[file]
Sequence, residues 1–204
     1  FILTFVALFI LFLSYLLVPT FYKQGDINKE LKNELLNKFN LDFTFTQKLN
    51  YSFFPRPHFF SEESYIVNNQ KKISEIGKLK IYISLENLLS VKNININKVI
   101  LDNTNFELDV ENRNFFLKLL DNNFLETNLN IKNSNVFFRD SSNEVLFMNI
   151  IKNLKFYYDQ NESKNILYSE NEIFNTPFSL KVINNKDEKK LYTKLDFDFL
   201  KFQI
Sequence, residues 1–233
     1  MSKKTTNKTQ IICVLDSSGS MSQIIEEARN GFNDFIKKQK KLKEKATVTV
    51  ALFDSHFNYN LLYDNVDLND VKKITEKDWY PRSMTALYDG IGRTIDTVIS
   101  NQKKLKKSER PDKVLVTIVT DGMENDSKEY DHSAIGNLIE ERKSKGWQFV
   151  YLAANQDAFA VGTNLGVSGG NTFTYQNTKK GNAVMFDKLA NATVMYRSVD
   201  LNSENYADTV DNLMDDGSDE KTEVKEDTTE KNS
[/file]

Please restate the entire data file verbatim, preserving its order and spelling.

Sequence, residues 1–204
     1  FILTFVALFI LFLSYLLVPT FYKQGDINKE LKNELLNKFN LDFTFTQKLN
    51  YSFFPRPHFF SEESYIVNNQ KKISEIGKLK IYISLENLLS VKNININKVI
   101  LDNTNFELDV ENRNFFLKLL DNNFLETNLN IKNSNVFFRD SSNEVLFMNI
   151  IKNLKFYYDQ NESKNILYSE NEIFNTPFSL KVINNKDEKK LYTKLDFDFL
   201  KFQI
Sequence, residues 1–233
     1  MSKKTTNKTQ IICVLDSSGS MSQIIEEARN GFNDFIKKQK KLKEKATVTV
    51  ALFDSHFNYN LLYDNVDLND VKKITEKDWY PRSMTALYDG IGRTIDTVIS
   101  NQKKLKKSER PDKVLVTIVT DGMENDSKEY DHSAIGNLIE ERKSKGWQFV
   151  YLAANQDAFA VGTNLGVSGG NTFTYQNTKK GNAVMFDKLA NATVMYRSVD
   201  LNSENYADTV DNLMDDGSDE KTEVKEDTTE KNS